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Sustainable Finance Package: Context and CommentThe Commission’s intention with its Sustainable Finance Package is twofold: (1) in the short term, to set a clear regulatory framework to encourage investments that will contribute to a sustainable and inclusive economic recovery from the COVID-19 pandemic; and (2) in the long term, to ensure the transition to a carbon neutral EU economy by 2050, in accordance with the 2020 European Climate Law.  Following the adoption of the EU Taxonomy Regulation (explained further below), the Sustainable Finance Disclosure Regulation, and the Benchmark Regulation, which enhances the transparency of benchmark methodologies, the Commission has in this legislative package laid out the next building blocks for its envisioned sustainable finance ecosystem.

In addition to the impact on financial institutions and investors directly subject to the new laws, the Sustainable Finance Package may impact corporates in the following ways:

  • Corporates may be more likely to receive requests for data on their environmental and other sustainability practices as upstream capital markets participants grapple with new obligations to distinguish between green, “light green,” and other investments;
  • Corporates may be subject to direct requirements to report on activities relating to their environmental, social, and governance objectives;
  • Longer-term, the package may form the basis of a “blueprint” for wider stakeholders, meaning that corporates may need to improve performance against the standards, not just to attract capital, but also to remain competitive; and
  • On a global level, these EU sustainability measures have real potential to become gold standards and influence the investment market outside of the EU, a phenomenon known as the ‘Brussels Effect’.[1]


Continue Reading The EU’s Green Capitalism Takes Shape: Taxonomy Screening Criteria and Corporate Sustainability Reporting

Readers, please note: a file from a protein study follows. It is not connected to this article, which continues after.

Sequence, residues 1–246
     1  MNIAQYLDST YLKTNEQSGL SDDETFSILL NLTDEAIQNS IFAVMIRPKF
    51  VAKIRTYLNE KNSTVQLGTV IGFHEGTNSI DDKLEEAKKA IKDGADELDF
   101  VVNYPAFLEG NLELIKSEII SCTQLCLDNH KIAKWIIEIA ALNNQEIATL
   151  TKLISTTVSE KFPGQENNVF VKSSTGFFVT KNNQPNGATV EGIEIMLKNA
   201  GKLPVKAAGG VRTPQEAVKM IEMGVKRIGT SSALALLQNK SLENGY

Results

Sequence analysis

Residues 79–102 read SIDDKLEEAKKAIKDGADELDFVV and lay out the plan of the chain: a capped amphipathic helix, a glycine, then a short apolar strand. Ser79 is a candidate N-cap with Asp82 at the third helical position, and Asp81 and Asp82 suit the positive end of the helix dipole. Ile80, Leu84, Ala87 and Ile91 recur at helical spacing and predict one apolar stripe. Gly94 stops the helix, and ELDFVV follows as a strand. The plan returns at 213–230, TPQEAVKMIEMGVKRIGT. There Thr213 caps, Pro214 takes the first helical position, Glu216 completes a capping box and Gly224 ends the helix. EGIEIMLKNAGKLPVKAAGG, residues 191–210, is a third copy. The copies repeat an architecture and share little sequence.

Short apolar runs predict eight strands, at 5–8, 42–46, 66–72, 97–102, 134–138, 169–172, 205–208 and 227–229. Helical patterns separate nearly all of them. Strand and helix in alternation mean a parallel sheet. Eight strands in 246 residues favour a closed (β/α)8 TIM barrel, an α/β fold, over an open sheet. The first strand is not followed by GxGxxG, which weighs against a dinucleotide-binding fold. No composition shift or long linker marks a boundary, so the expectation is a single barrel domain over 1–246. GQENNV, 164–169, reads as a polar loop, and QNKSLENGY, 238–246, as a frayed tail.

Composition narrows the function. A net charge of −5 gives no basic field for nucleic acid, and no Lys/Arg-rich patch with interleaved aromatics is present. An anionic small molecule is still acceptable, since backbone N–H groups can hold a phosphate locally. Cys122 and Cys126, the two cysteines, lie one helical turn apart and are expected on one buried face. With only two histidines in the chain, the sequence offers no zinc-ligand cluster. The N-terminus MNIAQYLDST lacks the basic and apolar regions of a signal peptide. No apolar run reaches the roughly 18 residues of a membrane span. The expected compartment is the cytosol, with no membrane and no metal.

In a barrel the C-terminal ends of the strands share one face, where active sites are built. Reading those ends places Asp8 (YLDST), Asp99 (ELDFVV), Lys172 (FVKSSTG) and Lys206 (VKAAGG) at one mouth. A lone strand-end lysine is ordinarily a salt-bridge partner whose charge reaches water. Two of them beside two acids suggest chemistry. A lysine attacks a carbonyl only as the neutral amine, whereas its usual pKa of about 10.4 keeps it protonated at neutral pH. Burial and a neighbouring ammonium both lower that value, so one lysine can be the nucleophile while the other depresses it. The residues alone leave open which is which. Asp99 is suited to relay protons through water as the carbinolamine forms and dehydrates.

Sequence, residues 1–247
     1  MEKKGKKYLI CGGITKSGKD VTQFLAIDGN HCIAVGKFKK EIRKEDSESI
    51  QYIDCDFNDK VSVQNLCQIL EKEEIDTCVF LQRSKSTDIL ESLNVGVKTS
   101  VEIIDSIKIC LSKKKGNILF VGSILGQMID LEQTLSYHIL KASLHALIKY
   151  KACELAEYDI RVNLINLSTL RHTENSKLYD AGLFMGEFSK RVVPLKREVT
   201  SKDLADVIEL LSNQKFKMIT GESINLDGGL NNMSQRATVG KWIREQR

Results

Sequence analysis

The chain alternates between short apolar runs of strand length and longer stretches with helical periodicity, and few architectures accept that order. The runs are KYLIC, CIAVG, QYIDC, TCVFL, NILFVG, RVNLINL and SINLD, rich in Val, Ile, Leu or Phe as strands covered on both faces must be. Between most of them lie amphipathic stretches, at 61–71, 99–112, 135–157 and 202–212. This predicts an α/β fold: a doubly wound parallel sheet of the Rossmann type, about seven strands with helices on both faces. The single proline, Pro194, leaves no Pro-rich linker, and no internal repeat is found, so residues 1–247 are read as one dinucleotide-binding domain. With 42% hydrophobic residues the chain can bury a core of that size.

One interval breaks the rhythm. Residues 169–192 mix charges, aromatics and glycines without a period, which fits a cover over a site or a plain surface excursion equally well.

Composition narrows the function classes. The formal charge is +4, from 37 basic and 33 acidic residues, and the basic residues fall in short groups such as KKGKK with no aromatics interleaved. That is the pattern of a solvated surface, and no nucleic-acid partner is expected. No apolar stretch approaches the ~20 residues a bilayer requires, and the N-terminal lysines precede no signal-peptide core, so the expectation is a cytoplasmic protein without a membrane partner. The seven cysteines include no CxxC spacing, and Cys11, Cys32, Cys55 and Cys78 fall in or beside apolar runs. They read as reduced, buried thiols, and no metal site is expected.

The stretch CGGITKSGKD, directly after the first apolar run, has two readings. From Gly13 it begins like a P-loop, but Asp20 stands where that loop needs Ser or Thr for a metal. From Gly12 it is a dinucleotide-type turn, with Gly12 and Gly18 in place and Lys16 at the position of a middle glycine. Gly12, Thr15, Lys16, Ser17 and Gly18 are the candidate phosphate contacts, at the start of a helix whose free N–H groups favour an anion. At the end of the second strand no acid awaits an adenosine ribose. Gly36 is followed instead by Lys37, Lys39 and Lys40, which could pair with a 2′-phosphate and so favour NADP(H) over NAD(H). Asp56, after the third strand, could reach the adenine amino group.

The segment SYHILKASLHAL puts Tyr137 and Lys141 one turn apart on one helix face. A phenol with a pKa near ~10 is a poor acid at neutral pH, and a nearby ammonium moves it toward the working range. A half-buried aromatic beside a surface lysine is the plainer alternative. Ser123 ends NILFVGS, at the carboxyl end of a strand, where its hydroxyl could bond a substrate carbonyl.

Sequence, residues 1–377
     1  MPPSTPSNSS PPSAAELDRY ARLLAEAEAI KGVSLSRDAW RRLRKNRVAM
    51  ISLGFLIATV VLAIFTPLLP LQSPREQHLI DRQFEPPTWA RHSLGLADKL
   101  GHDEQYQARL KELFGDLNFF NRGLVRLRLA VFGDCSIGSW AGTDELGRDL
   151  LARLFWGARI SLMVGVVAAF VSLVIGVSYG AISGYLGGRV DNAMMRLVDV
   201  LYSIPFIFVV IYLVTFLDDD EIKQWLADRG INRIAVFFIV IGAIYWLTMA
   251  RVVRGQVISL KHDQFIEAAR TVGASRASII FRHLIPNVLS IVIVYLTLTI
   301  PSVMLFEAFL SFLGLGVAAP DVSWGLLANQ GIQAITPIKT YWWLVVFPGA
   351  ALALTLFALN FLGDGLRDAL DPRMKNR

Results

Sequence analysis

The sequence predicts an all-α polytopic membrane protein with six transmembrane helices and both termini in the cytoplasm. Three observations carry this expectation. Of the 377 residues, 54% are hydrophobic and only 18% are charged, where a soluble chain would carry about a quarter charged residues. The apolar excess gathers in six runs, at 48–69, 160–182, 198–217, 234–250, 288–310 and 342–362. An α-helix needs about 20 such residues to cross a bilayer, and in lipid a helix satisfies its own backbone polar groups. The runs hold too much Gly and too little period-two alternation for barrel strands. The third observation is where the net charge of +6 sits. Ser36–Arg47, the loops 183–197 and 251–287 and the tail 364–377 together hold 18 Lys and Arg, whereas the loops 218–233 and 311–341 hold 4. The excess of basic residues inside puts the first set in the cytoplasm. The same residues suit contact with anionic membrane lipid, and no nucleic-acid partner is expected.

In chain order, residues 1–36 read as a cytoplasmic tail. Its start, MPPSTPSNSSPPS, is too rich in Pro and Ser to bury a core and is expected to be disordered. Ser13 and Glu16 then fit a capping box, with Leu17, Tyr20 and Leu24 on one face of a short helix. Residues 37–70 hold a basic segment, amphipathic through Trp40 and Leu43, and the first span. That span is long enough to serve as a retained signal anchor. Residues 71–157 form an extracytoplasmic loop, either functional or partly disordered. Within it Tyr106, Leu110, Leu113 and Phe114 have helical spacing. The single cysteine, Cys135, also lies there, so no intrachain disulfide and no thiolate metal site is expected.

In December 2020, the European Commission presented a proposal for a new Regulation on Batteries and Waste Batteries.  The proposed Regulation aims to replace the current framework of Directive 2006/66/EC and seeks to achieve objectives set out in the European Green Deal and subsequent strategies, such as the transition to a carbon neutral and circular economy and the growth of renewable energies and clean mobility.  (Covington lawyers hosted a webinar that outlines the main features of the proposed Regulation and the ordinary legislative procedure that the proposal will follow.)

The proposal includes a host of product sustainability and safety requirements, conformity assessments and end-of-life management obligations for the producers of all types of batteries.  These requirements concern, among many others, carbon footprints, recycled content, chemical restrictions, durability, removability, replaceability, supply chain due diligence, waste collection, treatment and recycling, conformity assessments and CE markings, etc.  The proposed rules are expected to have a significant regulatory impact on the emerging European markets for industrial batteries and e-vehicle batteries.

One of the most striking features of the proposal is that many of its provisions are limited to establishing general principles and empower the European Commission to adopt the regulatory details by means of “Commission Delegated Regulations” and “Commission Implementing Regulations.”  In effect, the Commission’s proposal would leave it to the officials of the Commission and Member States to decide many of the technical details, which will eventually shape the markets of e-vehicle, industrial, automotive and portable batteries in Europe.  While delegating powers to the Commission is very common in EU legislation, the extent to which the proposal leaves regulatory decision-making to the Commission seems unprecedented.  It is uncertain whether the European Parliament and Council will agree to relinquishing so many critical details to the Commission.

This substantial delegation of power to the Commission also means that companies active on these markets that wish to advocate their position on the regulatory framework of batteries will need to do so not only during the proposal’s ordinary legislative procedure, but also during the adoption of the implementing rules and guidance by the Commission.  This is likely to be a long and ongoing process that will take at least six years after the conclusion of the ordinary legislative procedure.


Continue Reading The European Commission’s Planned Role to Implement its Proposed Sustainable Batteries Regulation

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